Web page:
The European Central Bank has joined the Bank of England in leaving interest rates unchanged, ignoring calls by Germany to cut rates to boost the economy.
The European bank, which sets rates for the dozen countries that share the euro, left its key rate at 3.25 percent, while the Bank of England left its key rate at four percent.
ECB President Wim Duisenberg told reporters the bank's governing council had discussed "extensively" arguments for and against a rate cut at its meeting. He says the council will continue to monitor closely downside risks to growth.
Most economists had predicted the ECB would not cut, because of rising inflation. Inflation in the euro-zone exceeds the bank's goal of two percent and consumer prices rose 2.1 percent in October.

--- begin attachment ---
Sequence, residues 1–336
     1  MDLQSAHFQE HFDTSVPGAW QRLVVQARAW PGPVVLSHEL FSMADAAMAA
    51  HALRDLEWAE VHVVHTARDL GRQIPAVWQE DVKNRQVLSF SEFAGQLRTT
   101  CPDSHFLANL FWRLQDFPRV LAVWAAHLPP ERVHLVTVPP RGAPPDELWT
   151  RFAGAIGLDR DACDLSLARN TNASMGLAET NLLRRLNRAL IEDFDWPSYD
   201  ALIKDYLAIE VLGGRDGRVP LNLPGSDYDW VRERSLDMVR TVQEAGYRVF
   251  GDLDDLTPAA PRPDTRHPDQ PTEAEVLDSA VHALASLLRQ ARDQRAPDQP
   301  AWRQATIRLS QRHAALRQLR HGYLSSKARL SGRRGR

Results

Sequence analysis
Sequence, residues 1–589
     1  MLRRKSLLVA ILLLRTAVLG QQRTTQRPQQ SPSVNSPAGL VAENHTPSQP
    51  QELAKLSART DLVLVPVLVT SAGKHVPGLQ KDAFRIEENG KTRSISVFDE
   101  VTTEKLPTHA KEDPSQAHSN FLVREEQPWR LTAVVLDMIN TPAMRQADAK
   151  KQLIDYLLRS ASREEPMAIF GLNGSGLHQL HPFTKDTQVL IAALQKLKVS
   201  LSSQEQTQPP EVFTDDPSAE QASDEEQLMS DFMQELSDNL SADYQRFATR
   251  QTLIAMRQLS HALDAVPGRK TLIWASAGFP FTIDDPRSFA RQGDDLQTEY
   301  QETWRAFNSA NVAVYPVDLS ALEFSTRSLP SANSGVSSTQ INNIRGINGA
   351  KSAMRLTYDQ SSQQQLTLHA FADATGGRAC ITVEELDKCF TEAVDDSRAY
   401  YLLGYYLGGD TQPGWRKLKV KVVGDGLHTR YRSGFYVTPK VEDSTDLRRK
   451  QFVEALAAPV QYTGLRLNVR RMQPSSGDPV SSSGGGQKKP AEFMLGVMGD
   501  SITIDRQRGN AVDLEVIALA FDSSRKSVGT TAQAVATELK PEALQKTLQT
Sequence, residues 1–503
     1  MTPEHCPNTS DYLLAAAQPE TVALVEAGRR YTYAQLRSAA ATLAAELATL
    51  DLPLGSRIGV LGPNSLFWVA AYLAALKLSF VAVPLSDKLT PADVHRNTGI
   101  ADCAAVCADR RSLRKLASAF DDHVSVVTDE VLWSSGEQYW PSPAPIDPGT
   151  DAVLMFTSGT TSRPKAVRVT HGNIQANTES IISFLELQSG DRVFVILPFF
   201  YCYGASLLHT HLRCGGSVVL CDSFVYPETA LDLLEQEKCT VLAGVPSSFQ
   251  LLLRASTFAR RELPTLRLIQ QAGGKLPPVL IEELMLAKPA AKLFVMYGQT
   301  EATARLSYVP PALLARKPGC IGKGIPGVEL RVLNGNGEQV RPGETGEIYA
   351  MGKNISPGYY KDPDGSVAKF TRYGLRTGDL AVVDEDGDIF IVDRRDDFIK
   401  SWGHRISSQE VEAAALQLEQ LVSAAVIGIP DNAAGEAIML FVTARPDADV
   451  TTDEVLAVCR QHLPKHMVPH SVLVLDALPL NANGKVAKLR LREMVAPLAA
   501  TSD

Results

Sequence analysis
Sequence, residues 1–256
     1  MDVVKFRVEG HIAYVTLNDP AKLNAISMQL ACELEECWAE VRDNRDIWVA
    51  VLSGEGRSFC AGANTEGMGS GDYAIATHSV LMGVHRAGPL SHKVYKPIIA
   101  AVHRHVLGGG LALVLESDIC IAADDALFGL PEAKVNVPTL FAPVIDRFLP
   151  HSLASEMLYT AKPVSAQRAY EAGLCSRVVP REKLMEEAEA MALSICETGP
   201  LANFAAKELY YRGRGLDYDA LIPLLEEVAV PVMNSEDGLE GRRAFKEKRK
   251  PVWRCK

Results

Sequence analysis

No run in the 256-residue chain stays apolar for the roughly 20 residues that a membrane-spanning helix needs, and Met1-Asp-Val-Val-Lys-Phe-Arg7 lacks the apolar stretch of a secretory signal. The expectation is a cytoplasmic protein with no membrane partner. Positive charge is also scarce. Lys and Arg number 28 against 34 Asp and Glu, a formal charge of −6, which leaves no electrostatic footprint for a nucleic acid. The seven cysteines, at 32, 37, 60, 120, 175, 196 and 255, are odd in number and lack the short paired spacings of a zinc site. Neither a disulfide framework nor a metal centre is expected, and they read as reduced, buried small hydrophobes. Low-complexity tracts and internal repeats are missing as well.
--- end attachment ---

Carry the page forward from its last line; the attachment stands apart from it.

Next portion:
Germany, the largest economy in the eurozone, had agitated for a rate cut to spur the sluggish economy, which has hurt tax collections.
There are fears that Germany may slide back into recession as the euro rose on Wedneday to its highest level since late July after the U.S. central bank slashed interest rates by half a percentage point to 1.5 percent. The move by the central bank signals that a recovery in the world's biggest economy may be faltering.
However, some good news came out Thursday. A report from the U.S. Labor Department shows U.S. business productivity, or output per hour worked, jumped four percent in the July-September quarter.
Gains in productivity are helping to keep inflation down, an important factor for central bank policy makers as they try to energize the U.S. economy.